I braised a pork shoulder last night and put the leftovers in some tupperware. I forgot to put the tupperware in the fridge. Can I eat it?



spiffypaws April 12, 2011
You can eat it, but you must reheat for at least a simmer for 10 minutes to kill any bacteria that have grown, then follow boulangere's instruc for cooling. My boyfriend leaves out food at night more than I'd like to acknowledge, and we end up doing this in the am. We are still alive.
Burnt O. April 12, 2011
I have to agree with anntruelove here. As long as it's reheated properly, you'll be fine, and since it's braised and was therefor well cooked to start with - even better. Bacteria need air, moisture and temp to grow, and you sealed out the air with the Tupperware. Mike Ruhlman had a long internet discussion about leaving chicken broth out on his stove ALL WEEK - often - and he's none the worse for wear.

But boulangere - you were probably right to throw out the clam sauce - seafood is trickier.
anntruelove April 12, 2011
I've spent a lot of time in Central America and cooked meat is often left out overnight and eaten in the morning. I've never gotten sick. You have to reheat the meat to make sure that anything that may be growing on it is killed. A minute in the microwave or bringing the whole thing up to a simmer/boil should be fine. The pork was thoroughly cooked in the first place - it's not like you left out raw meat. You've probably been at a higher risk of eating harmful bacteria if you've ever eaten processed deli meat (which is why pregnant woman shouldn't eat it). Good luck.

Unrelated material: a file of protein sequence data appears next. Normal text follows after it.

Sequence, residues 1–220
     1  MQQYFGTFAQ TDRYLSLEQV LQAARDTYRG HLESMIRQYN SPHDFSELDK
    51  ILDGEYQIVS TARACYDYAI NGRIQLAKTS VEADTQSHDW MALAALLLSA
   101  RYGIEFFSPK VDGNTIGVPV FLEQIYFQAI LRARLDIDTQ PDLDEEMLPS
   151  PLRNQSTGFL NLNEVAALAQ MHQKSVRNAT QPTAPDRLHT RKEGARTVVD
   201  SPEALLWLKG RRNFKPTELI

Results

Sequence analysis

ChefJune April 12, 2011
I wouldn't. what Boulangere said. and I'm so sorry that happened to you. Love pork shoulder.
boulangere April 12, 2011
Sorry, MEA, I neglected to offer sincere condolences. A couple of weeks ago I lost the leftovers of a perfect batch of spicy red clam sauce exactly the same way.
boulangere April 12, 2011
I wouldn't. The rule is that cooked foods need to be cooled to 70 degrees within 2 hours, then to 40 degrees within 4 more hours in order to avoid giving bacteria a chance to grow.
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